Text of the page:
Creosote is a nasty black tar that builds up inside your outdoor boiler. Creosote causes the following problems:
1. It makes your boiler consume much more wood than it should which costs you time and money!
2. It is harmful to your steel surfaces
3. Creosote reduces efficiency
4. It can cause dangerous chimney fires
5. Can reduce airflow through the boiler and even completely stop airflow thus preventing the boiler from operating (particularly in GX series with air tubes).
Clearly, creosote should be minimized.
And, any creosote that does build up, MUST be removed.
Here is the definitive solution for MINIMIZING creosote buildup and REMOVAL of any creosote that does occur. These are the ...
"Top 4 Ways to Eliminate Harmful Creosote"
1. Use Easy Creosote Remover Sticks (just toss one in the fire!) (Available HERE)
2. Follow the "Dry Burn" Procedure
3. Always operate your boiler with water jacket temps above 140 F
4. Use Properly Seasoned wood
Easy Creosote Remover Stick
This new product is the BEST way to remove creosote - just toss one stick into the fire in your outdoor boiler, and in 24 hours, creosote will be eliminated!
It is recommended to use at least one stick per week, and two sticks during the final week before shutting down the boiler for summer.
For GX Series boilers, be sure to remove thecatalyst before using the Easy Creosote Remover Stick, and leave the catalyst out for 7 days after using the stick. The catalyst coatings are highly sensitive and are designed for wood burning only.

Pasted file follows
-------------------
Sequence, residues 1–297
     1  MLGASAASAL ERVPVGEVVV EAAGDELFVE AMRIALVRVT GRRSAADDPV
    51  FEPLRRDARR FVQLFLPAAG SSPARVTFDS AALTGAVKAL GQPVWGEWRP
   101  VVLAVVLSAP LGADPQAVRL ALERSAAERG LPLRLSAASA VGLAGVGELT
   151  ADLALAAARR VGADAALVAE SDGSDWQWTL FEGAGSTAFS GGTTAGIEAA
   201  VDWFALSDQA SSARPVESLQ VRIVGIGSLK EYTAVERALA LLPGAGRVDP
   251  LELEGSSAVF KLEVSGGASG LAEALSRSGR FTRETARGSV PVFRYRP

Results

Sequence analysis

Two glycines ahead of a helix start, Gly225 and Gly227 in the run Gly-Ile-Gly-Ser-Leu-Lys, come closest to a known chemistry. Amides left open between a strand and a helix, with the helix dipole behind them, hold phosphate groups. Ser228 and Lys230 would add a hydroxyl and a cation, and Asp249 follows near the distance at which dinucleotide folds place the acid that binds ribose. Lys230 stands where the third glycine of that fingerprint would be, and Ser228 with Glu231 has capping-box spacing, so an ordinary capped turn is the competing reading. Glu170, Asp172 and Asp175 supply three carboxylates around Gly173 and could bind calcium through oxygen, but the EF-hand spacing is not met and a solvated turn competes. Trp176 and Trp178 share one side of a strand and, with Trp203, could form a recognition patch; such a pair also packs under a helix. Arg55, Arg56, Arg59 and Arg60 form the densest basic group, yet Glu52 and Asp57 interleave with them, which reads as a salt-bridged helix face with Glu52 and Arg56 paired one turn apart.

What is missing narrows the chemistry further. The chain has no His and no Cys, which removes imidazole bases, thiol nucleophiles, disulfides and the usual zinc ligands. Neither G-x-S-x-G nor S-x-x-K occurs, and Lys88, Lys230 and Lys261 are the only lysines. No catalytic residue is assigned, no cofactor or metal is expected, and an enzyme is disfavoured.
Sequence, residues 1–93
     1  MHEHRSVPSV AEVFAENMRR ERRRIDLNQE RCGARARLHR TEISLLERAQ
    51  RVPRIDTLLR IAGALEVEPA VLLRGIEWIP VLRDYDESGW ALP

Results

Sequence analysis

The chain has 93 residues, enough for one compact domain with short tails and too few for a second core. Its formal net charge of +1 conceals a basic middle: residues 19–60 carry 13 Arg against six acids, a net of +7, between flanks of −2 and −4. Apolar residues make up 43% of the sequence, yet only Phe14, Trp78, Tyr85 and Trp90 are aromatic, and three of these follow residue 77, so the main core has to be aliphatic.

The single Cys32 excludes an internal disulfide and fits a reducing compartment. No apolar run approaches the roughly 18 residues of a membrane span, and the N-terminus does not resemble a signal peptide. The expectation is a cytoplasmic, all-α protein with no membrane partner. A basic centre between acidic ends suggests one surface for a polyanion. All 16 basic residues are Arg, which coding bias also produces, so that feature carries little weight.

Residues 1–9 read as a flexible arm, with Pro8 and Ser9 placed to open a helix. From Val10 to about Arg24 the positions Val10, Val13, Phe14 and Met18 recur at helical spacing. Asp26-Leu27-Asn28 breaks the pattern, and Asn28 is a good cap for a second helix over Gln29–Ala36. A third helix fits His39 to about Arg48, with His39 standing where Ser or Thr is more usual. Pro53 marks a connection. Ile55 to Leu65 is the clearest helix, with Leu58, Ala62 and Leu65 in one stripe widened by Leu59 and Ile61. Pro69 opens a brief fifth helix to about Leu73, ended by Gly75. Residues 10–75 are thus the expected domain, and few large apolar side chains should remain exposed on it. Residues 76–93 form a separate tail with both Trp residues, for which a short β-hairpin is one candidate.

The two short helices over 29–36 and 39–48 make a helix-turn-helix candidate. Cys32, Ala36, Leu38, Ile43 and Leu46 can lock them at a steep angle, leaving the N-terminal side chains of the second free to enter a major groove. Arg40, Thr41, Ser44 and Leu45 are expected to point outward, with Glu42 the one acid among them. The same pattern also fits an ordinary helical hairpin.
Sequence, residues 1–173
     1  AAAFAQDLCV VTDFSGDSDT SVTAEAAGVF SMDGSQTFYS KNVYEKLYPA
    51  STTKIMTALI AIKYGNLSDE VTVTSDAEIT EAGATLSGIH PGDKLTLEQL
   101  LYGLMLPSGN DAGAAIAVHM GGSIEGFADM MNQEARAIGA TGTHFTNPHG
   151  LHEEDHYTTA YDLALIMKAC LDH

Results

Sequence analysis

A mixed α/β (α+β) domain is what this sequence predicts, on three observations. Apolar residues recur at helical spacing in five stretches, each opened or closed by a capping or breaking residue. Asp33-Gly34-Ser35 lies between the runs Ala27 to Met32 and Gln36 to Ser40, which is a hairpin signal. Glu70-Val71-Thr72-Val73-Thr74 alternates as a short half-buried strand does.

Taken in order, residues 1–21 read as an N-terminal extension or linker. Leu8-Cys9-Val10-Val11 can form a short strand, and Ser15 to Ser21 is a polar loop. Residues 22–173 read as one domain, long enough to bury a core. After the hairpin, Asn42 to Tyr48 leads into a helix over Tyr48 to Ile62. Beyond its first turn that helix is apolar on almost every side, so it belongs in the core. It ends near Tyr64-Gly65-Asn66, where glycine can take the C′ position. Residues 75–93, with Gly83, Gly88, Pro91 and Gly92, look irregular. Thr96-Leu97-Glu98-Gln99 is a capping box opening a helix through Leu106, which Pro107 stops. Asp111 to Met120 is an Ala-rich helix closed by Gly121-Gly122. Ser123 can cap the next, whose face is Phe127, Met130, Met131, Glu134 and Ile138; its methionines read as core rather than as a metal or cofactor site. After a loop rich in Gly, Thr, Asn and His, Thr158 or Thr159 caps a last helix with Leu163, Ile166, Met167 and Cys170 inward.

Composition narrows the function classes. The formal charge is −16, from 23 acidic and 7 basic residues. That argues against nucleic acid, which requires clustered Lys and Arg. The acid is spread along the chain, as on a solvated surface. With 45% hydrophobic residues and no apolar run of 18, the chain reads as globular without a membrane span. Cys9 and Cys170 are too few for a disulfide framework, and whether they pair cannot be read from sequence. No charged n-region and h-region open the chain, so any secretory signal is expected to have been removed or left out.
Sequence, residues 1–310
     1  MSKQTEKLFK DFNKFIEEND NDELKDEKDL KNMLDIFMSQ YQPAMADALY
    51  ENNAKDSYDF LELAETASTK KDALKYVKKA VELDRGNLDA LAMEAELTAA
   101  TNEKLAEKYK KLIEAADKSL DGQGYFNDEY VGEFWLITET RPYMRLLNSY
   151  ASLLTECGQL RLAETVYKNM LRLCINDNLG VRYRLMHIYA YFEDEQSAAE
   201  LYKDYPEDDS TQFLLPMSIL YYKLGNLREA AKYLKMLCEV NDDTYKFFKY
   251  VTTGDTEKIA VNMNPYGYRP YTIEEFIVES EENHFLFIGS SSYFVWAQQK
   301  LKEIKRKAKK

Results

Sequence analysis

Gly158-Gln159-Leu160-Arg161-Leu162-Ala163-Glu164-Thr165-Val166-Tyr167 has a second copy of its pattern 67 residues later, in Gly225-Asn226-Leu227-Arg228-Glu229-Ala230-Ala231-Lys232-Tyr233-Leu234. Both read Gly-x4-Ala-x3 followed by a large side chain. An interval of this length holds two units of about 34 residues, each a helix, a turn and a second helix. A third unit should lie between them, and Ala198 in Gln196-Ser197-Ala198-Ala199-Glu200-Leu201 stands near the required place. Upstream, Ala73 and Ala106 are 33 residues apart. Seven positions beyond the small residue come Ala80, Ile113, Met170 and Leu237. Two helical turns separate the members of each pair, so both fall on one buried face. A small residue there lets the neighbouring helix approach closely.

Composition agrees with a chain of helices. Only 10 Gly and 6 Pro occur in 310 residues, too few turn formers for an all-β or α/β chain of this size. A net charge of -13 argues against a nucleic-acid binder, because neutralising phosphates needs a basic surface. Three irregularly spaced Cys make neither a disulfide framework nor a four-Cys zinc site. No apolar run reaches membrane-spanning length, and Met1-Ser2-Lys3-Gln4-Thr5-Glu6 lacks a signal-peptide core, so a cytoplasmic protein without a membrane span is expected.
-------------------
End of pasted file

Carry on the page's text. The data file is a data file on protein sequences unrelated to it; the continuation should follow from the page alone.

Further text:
Easy Creosote Remover Sticks are available by clicking HERE.
Dry Burn Procedure
The best way to minimize creosote from even forming inside your boiler is in how you operate your boiler. The most effective way is called the Dry Burn procedure, which requires to burn each load of wood almost completely so that the final few hours of burning are when only dry coals remain.
Learn more about the Dry Burn Procedure - read our article on this topic by clicking on this link HERE.
Never Operate Boiler at Temps Below 140 F
Since even the most seasoned hardwood contains 20 percent moisture, burning wood requires eliminating this moisture. In normal operations, we want that moisture to exit the furnace harmlessly in the form of steam.
However, some of that steam will condense if ash levels get deep, and most critically, if the water jacket temp drops below 140F, then substantial amounts of condensation form, which leaves a thick layer of creosote. Learn more by watching the video on this topic HERE.
Use Properly Seasoned Wood
Your firewood should be seasoned. Green wood contains far too much moisture (up to 50%) and does not burn well. High moisture content wood requires up to 40% of the heating value of your wood just to burn off the moisture and convert it to steam. This is heat that otherwise would go into your home.